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Prevalence of autism in early 1970s may have been underestimated

BMJ 2001; 323 doi: (Published 15 September 2001) Cite this as: BMJ 2001;323:633

Prevalence of autism in the past may have been underestimated

Autistic Spectrum Disorders (ASDs) cover a range of disorders
characterized by impairments in social interactions, pattern of
communication and restricted, repetitive behaviours. We have previously
demonstrated a 4-fold rise in the incidence of diagnosed ASDs in pre-
school children from 1991&1992 to 1995&1996 in the West
Midlands(1). Heussler et al(2)have reported reviewed data from the 1970s
suggesting that by contempory standards the prevelance of ASDs in the
1970s was probably as high as it now appears.

We undertook a time trend analysis of the West Midlands data set to
see if the observed increase in incidence was compatible with a new
biological aetiology or with improved diagnosis of essentially the same

Clinical data on the 148 children ascertained in the original study
(1) was collected from the medical notes in a systematic way using a
proforma. Complete data was available for analysis on 134. Data in the
following domains were recorded: family history of ASD, developmental,
neurological, other medical and psychiatric disorder; obstetric and past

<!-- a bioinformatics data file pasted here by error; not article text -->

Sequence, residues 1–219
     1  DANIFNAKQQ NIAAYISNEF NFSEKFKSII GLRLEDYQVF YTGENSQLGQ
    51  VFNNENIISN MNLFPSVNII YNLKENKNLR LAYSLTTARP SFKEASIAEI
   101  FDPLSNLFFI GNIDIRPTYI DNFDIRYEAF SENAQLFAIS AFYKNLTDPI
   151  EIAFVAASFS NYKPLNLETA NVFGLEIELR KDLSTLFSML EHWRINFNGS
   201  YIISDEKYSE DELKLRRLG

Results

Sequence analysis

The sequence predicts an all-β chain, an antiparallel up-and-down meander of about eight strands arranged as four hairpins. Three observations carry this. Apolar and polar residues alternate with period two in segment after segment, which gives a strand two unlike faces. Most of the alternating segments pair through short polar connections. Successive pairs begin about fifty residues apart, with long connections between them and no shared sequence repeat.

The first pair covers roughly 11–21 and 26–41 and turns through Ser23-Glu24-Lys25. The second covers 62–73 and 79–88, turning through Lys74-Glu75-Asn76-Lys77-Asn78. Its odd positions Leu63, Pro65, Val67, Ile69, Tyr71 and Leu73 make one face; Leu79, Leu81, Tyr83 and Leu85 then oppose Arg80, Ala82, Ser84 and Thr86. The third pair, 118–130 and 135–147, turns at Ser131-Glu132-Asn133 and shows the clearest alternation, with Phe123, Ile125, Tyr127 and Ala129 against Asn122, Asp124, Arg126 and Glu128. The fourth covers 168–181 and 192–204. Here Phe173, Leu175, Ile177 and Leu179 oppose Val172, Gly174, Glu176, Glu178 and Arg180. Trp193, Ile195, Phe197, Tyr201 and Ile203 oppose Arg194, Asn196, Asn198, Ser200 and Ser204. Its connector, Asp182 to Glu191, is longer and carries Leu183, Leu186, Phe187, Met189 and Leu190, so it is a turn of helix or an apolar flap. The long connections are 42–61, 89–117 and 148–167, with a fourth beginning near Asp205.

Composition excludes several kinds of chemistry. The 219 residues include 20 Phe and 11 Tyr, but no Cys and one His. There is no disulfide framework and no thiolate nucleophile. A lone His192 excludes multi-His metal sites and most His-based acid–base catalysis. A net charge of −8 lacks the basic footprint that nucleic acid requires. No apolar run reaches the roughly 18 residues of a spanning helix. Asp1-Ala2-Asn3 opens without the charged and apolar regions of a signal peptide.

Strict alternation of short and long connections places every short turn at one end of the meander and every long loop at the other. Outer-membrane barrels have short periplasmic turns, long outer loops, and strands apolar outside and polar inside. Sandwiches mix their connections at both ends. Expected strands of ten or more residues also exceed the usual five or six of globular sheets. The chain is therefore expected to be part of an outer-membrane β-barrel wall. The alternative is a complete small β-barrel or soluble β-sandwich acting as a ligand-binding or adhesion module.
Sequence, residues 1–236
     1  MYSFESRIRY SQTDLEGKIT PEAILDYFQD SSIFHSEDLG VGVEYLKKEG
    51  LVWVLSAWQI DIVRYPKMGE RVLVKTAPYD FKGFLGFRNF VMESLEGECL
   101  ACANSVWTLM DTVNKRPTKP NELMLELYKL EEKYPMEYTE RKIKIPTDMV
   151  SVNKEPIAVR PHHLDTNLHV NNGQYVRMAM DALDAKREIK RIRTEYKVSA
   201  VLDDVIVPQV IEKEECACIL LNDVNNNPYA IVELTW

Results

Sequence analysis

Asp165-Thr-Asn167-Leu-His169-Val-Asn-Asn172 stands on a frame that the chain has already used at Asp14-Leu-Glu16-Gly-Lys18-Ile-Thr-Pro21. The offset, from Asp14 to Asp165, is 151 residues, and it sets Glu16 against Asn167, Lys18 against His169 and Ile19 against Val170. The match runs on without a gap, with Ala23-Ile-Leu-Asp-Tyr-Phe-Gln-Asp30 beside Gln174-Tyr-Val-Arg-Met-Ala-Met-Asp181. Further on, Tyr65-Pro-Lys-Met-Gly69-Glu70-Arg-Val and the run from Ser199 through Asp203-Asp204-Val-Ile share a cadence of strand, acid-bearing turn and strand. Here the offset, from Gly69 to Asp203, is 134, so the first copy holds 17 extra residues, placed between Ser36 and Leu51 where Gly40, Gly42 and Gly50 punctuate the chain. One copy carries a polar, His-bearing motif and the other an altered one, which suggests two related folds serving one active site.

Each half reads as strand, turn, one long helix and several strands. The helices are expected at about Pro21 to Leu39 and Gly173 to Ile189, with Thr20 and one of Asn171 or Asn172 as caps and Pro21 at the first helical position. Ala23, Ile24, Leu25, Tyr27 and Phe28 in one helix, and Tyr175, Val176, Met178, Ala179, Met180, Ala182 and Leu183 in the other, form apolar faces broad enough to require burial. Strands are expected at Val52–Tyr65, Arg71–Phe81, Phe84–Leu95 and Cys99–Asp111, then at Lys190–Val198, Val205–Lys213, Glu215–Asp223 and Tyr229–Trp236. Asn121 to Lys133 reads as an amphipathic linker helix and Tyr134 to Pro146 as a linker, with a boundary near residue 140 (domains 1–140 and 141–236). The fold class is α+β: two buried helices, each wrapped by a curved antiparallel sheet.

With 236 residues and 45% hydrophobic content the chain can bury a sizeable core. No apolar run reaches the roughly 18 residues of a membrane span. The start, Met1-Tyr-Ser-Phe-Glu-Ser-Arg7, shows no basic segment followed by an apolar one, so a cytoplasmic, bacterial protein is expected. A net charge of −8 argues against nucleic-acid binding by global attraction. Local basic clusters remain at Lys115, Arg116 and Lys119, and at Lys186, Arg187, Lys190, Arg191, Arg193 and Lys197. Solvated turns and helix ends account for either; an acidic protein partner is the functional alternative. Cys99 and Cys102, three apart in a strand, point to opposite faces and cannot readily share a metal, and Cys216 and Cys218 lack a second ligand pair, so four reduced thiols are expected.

medical history; personal history of epilepsy and other neurological and
medical disorder, learning difficulties and other developmental problems;
abnormalities on physical examination including visual and hearing
deficits. Linear by linear association tests were used to test for time-
trends in the data.

There were no significant trends found between any of the
characteristics examined.

To conclude there was no evidence for a change in the prevalence of
associated clinical features in children with ASD over time. We failed to
find an indication that the apparent rise in incidence was due to the
emergence of a single new cause of autism. This result is consistent,
however, with improved identification and diagnosis of ASDs in the
population over time.

William Whitehouse, Senior Lecturer in Paediatric Neurology,
University of Nottingham

Mark Abbas, Medical Student, University of Birmingham

Judy Powell, Lecturer in Public Health & Epidemiology, University
of Birmingham

1. Powell et al. Changes in the incidence of childhood autism and
other autistic spectrum disorders in preschool children from two areas of
the West Midlands, UK. Developmental Medicine & Child Neurology

2. Heussler et al. Prevalence of autism in early 1970s may have been
underestimated. British Medical Journal 2001:323:633.

Competing interests: No competing interests

29 September 2001
William Whitehouse
Senior Lecturer in Paediatric Neurology
University of Nottingham